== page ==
14 
Oxygen 
O 
8 
8 
8 
16 
Fluorine 
F 
9 
9 
10 
19 
Neon 
Ne 
10 
10 
10 
20 
Molecular mass
 The molecular mass of a substance is the sum of the atomic masses of all the atoms in a molecule of the substance.
 It is expressed in atomic mass units (u).
Formula unit mass:
 The formula unit mass of a substance is a sum of the atomic masses of all atoms in a formula unit of a compound.
 For example, sodium chloride has a formula unit NaCl.
 Its formula unit mass can be calculated as– 1 × 23 + 1 × 35.5 = 58.5 u
Equivalent weight
Equivalent weight = molecular weight or atomic weight / n –factor
n Factor for Acids ie., Basicity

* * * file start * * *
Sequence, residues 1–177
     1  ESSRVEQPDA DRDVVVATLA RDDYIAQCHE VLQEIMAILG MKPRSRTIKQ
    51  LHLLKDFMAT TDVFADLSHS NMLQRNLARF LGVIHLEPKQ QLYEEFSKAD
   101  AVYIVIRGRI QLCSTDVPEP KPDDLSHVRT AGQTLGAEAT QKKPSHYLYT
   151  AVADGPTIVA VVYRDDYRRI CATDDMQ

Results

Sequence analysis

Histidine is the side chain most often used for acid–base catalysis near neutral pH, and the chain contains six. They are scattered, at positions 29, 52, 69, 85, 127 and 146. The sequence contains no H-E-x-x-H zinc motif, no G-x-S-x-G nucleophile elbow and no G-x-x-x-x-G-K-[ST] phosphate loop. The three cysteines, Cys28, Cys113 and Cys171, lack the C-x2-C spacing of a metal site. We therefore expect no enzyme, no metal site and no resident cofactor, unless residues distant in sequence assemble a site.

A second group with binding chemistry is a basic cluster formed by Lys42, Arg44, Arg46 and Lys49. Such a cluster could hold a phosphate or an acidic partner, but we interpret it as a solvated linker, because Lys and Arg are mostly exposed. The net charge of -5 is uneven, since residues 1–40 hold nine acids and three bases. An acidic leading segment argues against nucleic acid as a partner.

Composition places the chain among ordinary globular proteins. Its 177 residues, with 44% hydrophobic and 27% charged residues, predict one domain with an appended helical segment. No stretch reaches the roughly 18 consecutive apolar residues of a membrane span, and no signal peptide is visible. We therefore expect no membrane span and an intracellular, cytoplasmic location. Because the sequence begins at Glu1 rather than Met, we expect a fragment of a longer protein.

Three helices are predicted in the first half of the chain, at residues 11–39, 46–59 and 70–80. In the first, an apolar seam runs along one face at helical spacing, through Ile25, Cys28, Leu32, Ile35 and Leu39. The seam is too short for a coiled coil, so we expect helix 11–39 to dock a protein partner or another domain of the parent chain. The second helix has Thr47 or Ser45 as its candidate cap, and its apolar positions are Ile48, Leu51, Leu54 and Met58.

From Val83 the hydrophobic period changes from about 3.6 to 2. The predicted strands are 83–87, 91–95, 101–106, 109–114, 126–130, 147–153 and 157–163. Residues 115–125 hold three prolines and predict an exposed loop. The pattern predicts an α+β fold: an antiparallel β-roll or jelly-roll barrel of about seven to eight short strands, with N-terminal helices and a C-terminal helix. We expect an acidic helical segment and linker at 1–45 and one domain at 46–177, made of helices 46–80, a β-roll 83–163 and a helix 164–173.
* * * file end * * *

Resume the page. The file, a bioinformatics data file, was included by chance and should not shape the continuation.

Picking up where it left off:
Number of ionisable H^{+} per molecule is the basicity of acid.
 Basicity of HCL=1
 Basicity of H_{2}SO_{4}=2
 Basicity of H_{3}PO_{4}=3
Example – equivalent weight of H_{2}SO_{4} = 98 / 2 = 49 g / mol
n Factor for Bases ie., Acidity
 Number of ionizable per molecule is the acidity of a base.
 Acidity of NaOH=1
 Acidity of Mg(OH)_{2}=2
 Acidity of Al(OH)_{3}= 3
Example  equivalent weight of NaOH = 40/1 = 40 g/mol
Formula Unit Mass
 Mass of a molecule of an ionic compound
 It is also equal to the sum of atomic masses of all the elements present in the molecule
Average Atomic mass
When an element exist as isotopes, i.e. atoms of same element with different atomic mass, we need to calculate average atomic mass.
 Chlorine occurs in nature in two isotopic forms of masses and in the ratio of respectively.